Bigotry: Professor tarnishes image of UNC-CH
Over the years, the University of North Carolina at Chapel Hill — to its credit — has been second to none in championing freedom of thought and expression.
In that noble role, the state’s flagship university not infrequently has found itself assailed by the slings and arrows of conservative critics.
Recently the spotlight of public attention focused on a Chapel Hill professor who went counter to the basic principle of the freedoms for which the university has fought since its founding.
Professor Elyse Crystall teaches a course listed as “Literature and Cultural Diversity.”
During a recent class session, a student commented that he was opposed to homosexuality. Ms. Crystall subsequently sent an e-mail to all in her class, chastising the student for his comment.
“What we heard constitutes hate speech and is completely unacceptable. It has created a hostile environment,” she wrote.
In a crass display of blatant bigotry, she referred to the student, by name, as “a white, heterosexual, Christian male who can feel entitled to make violent, heterosexual comments and not feel marked or threatened or vulnerable.”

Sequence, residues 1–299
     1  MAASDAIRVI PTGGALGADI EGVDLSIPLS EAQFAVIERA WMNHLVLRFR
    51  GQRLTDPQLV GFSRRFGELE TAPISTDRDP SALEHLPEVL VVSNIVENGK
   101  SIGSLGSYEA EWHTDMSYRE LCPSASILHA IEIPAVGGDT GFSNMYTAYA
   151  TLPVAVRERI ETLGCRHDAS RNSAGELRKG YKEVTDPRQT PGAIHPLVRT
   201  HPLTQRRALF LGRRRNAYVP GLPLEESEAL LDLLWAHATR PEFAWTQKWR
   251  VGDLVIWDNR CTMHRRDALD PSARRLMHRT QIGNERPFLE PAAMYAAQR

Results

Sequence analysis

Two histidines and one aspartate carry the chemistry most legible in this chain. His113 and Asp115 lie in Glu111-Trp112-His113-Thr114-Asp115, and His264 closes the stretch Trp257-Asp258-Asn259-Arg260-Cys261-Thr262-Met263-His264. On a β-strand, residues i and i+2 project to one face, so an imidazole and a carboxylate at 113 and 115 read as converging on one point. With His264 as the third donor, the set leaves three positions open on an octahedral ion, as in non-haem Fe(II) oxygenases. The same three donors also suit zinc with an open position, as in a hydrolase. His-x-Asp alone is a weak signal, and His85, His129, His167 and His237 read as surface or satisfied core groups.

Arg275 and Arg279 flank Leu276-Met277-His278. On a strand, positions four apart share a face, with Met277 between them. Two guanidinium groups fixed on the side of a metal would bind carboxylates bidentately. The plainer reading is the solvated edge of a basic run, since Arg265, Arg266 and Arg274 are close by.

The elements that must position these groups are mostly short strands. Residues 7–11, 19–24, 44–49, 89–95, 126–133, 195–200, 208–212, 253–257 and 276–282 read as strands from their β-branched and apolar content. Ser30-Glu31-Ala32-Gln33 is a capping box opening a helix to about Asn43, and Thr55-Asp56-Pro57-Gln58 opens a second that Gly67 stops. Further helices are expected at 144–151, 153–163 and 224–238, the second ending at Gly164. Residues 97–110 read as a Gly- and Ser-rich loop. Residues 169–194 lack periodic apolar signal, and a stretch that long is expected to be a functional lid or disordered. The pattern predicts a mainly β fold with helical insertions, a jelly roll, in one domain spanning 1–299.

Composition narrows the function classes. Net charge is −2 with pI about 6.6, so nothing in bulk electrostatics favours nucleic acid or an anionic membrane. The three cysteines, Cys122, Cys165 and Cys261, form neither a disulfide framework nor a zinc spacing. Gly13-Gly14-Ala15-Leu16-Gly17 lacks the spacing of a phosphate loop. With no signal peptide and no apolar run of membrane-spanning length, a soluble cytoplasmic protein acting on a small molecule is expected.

This from one entrusted with teaching “cultural diversity”!
The professor since then has offered a bit of an apology — but apparently under pressure and after having been called upon by her department head “on several occasions” regarding the matter.
Congressman Walter Jones Jr. expressed his displeasure over the incident and has asked if the professor might have violated state or federal laws by encroaching on the student’s freedom of speech.
The congressman made an observation that suggests the need for some sober self-appraisal on the part of the university’s leaders:
“Had Ms. Crystall substituted ‘black’ for white, ‘homosexual’ for heterosexual, or ‘Muslim’ for Christian, she would have been suspended or fired immediately.”
Perhaps Professor Crystall is benefiting from some “political correctness” concerns unknown to the public at this writing. News stories have made no mention of her sexual orientation, her race or her religious preference, if any. And properly so.
But her hostile intolerance to the freedom of a student to honestly express views that differ from her own certainly raises questions about the suitability of her presence on the faculty of this great university.
A pressured and half-hearted apology doesn’t erase the embarrassment she has caused the good name of the institution.
Published in Editorials on February 24, 2004 11:18 AM